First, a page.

Documentary Produced by the Museum Featured In Public TV Broadcasts

MyHomeNow_card.inddApril 24, 2015

This is My Home Now, a documentary featuring teens from Montagnard families who fled their homeland in Southeast Asia, will be broadcast on UNC-TV on Tuesday, April 28 at 11 pm. Funded by the Center for Asian American Media and directed by Mariah Dunn Kramer, the Greensboro Historical Museum’s 30 minute film will follow The Last Days in Vietnam, a 40th anniversary look back on the end of the Vietnam War. This is My Home Now will also be broadcast on the American Public Television program “World” on Sunday, May 3 at 11 pm.

There are up to 20,000 Montagnards in America from many different tribes. Although the first Montagnard immigrants, a group of about 200, were granted refugee status in 1986 in recognition of their support of U.S. Special Forces during the Vietnam War, the majority are more recent arrivals fleeing religious and political persecution. Montagnards (French for “mountain people”), from the central highlands of Vietnam, have settled in states such as California, Florida, Massachusetts, Rhode Island and Washington, but there are more Montagnards in Greensboro than any place outside of Southeast Asia.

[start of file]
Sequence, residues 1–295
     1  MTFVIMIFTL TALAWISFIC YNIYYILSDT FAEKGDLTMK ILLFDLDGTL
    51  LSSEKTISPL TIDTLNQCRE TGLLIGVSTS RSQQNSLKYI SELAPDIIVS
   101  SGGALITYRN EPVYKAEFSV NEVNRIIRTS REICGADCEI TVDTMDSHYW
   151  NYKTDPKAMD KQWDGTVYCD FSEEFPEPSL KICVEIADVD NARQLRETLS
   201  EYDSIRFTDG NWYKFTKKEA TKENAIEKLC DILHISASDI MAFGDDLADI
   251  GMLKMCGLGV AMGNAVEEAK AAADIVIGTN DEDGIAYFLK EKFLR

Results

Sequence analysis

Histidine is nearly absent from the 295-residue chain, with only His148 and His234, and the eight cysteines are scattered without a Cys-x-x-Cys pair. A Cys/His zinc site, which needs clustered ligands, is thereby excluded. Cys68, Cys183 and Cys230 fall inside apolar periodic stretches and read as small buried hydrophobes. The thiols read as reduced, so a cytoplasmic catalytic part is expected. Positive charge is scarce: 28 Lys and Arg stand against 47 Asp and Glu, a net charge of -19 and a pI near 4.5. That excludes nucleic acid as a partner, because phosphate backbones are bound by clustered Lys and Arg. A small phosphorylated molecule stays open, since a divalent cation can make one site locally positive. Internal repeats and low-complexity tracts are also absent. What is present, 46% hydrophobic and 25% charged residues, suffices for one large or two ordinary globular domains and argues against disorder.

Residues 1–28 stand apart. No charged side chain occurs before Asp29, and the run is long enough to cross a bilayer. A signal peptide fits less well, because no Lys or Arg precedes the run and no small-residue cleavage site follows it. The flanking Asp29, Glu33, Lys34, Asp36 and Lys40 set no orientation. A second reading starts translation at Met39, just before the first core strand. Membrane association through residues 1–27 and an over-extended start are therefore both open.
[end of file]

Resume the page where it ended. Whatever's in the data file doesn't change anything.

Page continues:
The four young people profiled in This is My Home Now have arrived in the past decade. They and their families are living in two worlds, supported by those who have come before them, but also by community members who have sponsored them or are looking after their educational and social needs. Experiences of hardship and of remarkable support throughout their journey make for a compelling story.

In addition to the broadcasts of the film, viewers will also be able to see an interview with the director and one of the students featured in the film on UNC-TVs “North Carolina Now” on Monday, April 27 at 7:30 pm. For more information about the film, please visit